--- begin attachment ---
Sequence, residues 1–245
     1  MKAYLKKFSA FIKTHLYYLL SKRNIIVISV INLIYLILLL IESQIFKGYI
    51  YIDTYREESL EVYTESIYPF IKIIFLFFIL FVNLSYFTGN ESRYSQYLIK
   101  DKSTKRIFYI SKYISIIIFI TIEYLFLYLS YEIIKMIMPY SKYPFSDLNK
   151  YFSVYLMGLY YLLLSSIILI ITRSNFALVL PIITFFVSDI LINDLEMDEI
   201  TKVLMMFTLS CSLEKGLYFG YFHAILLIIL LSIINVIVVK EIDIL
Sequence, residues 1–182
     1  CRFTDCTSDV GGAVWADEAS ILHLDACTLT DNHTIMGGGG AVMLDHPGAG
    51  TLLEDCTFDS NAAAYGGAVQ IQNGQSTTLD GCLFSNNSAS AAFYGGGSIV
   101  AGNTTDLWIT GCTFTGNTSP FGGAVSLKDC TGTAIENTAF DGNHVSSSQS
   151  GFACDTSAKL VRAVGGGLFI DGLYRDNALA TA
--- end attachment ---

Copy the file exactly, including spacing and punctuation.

Sequence, residues 1–245
     1  MKAYLKKFSA FIKTHLYYLL SKRNIIVISV INLIYLILLL IESQIFKGYI
    51  YIDTYREESL EVYTESIYPF IKIIFLFFIL FVNLSYFTGN ESRYSQYLIK
   101  DKSTKRIFYI SKYISIIIFI TIEYLFLYLS YEIIKMIMPY SKYPFSDLNK
   151  YFSVYLMGLY YLLLSSIILI ITRSNFALVL PIITFFVSDI LINDLEMDEI
   201  TKVLMMFTLS CSLEKGLYFG YFHAILLIIL LSIINVIVVK EIDIL
Sequence, residues 1–182
     1  CRFTDCTSDV GGAVWADEAS ILHLDACTLT DNHTIMGGGG AVMLDHPGAG
    51  TLLEDCTFDS NAAAYGGAVQ IQNGQSTTLD GCLFSNNSAS AAFYGGGSIV
   101  AGNTTDLWIT GCTFTGNTSP FGGAVSLKDC TGTAIENTAF DGNHVSSSQS
   151  GFACDTSAKL VRAVGGGLFI DGLYRDNALA TA